Rhymes and Reasons: Poetry for children

downloadSmall children love poetry. Most adults, sadly, don’t. What happens in between? There seems to be a popular assumption that if you really like poetry (like me), you must be academic, a bit geeky, probably rather weird (like me). I don’t believe this; I think that too many people are put off poetry at school, perhaps by assumptions made by others around them that it’s ‘boring'; perhaps by exposure to a limited range of poems; perhaps by lacklustre teaching. But this is such a shame – I won’t go into why poetry is important, beautiful, necessary etc here (if you want more on this, read ‘How Poetry can Change Lives‘, which says it better than I can). When I’m teaching poetry to undergraduates, I often hear students say ‘I don’t understand it’. Often, it’s true, poetry doesn’t say things in the same straightforward way that prose does, but poetry is a lot more than just its projected ‘meaning’. I know this because my son, pre-verbal at less than a year old, loved me reading poetry to him; he heard a lot of Tennyson, Rossetti and Shakespeare (and anything else I had memorised) before he had any idea what words were, let alone how to interpret a poem. Of course he loved it – the rhythm, the sounds of the words in your mouth and in the air are hypnotic. How can you not be drawn in by Byron’s ‘The Destruction of Sennacharib’? If you don’t believe me, read it aloud.

The Assyrian came down like the wolf on the fold,
And his cohorts were gleaming in purple and gold;
And the sheen of their spears was like stars on the sea,
When the blue wave rolls nightly on deep Galilee.images

What about Tennyson’s ‘Locksley Hall’?

When the centuries behind me like a fruitful land reposed;
When I clung to all the present for the promise that it closed:
When I dipt into the future far as human eye could see;
Saw the Vision of the world and all the wonder that would be.—
In the Spring a fuller crimson comes upon the robin’s breast;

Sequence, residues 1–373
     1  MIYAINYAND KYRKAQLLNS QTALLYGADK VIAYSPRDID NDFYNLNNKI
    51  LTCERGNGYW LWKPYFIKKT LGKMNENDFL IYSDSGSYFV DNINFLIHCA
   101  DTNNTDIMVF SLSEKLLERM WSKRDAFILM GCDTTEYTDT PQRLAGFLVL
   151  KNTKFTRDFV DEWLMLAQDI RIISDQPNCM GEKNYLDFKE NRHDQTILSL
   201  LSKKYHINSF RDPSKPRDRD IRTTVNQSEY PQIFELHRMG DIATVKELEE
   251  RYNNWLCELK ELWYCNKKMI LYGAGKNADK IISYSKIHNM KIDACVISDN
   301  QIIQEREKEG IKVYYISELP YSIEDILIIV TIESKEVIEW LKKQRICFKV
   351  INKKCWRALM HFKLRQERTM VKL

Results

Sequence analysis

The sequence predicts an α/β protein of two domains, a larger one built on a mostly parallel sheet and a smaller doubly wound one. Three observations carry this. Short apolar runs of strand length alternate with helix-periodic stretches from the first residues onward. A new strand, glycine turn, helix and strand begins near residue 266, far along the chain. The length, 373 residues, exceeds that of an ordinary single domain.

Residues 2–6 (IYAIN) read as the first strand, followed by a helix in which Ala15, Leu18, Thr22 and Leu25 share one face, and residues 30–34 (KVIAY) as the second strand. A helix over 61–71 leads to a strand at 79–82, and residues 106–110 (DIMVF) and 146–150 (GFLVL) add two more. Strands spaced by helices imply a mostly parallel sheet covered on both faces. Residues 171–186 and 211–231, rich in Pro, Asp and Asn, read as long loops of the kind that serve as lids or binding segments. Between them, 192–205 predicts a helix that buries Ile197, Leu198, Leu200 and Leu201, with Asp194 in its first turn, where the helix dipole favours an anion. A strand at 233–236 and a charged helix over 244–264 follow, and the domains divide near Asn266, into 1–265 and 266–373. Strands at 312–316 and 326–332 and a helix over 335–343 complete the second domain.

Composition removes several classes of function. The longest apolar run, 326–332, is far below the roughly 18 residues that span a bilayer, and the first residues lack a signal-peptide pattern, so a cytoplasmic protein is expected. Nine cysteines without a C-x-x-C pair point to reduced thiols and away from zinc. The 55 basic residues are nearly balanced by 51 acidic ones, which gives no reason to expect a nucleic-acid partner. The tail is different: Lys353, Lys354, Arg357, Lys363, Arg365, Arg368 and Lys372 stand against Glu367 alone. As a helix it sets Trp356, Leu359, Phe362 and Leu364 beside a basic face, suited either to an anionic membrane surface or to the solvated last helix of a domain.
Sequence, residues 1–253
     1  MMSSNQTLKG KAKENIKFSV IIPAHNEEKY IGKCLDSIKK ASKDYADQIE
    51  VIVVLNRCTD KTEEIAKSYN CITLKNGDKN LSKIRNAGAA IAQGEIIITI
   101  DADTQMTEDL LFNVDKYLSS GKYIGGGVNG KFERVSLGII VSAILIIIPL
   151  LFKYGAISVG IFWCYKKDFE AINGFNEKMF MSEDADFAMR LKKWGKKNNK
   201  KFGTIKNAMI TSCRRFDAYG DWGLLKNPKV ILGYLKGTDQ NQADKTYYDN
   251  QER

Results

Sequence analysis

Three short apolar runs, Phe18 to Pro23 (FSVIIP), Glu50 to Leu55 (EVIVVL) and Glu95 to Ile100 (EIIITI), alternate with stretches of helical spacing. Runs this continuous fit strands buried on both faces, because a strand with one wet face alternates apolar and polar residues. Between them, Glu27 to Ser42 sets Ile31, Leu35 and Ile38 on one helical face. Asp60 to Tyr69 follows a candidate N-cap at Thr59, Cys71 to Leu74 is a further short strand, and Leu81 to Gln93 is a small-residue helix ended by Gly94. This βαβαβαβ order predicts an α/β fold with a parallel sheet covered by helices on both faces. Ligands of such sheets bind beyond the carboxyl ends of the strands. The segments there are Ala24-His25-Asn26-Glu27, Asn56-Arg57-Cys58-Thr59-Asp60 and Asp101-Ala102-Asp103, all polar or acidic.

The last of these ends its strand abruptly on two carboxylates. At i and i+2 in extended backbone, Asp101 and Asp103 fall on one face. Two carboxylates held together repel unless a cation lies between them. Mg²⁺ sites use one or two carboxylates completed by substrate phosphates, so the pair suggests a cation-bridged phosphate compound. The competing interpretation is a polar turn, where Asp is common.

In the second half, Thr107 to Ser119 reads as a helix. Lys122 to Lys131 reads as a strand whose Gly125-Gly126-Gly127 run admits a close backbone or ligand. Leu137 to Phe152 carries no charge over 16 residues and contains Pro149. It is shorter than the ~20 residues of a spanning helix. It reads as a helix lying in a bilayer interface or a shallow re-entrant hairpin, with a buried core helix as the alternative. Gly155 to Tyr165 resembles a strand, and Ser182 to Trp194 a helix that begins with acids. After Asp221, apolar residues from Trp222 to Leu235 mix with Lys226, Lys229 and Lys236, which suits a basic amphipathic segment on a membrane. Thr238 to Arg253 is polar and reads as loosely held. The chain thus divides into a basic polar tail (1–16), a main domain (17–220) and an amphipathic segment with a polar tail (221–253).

In the Spring the wanton lapwing gets himself another crest;
In the Spring a livelier iris changes on the burnish’d dove;
In the Spring a young man’s fancy lightly turns to thoughts of love.

Poems are meant to be read aloud, and one of the pleasures of having a small child is the reading process. Of course, it’s good for them in an educational sense, and in a bonding way too, but it is also fun. Now my son is nearly 3, we have a lot of children’s poems, including the omnipresent Julia Donaldson (my particular favourite is The Highway Rat because of my affection for Alfred Noyes’ poem), but mostly, we have A A Milne’s poems of Pooh Bear and Christopher Robin. They entertain parents as well as children; they have little morals (images (1)some of them) and are absolute nonsense (others). But what they have in common is a gentle repetition, rhymes, a steady, often galloping rhythm, and images which appeal to children. Like all the best children’s (and adults?) literature, they suggest ways in which the world might be better (‘King John’s Christmas’ opens ‘King John was not a good man’, but concludes ‘And oh! Father Christmas, my blessings on you fall, For bringing him a big, red, india-rubber ball!’) ‘The Dormouse and the Doctor‘ reminds us that other people don’t always know best (and is, in its way, a very sad poem). ‘Sneezles‘ reminds us not to get too stressed about children’s colds, while ‘Teddy Bear‘ shows us that fat can be beautiful. All good messages. Be warned, though – these are earworms of the most pernicious variety, and you will find yourself reciting them long after the children are in bed.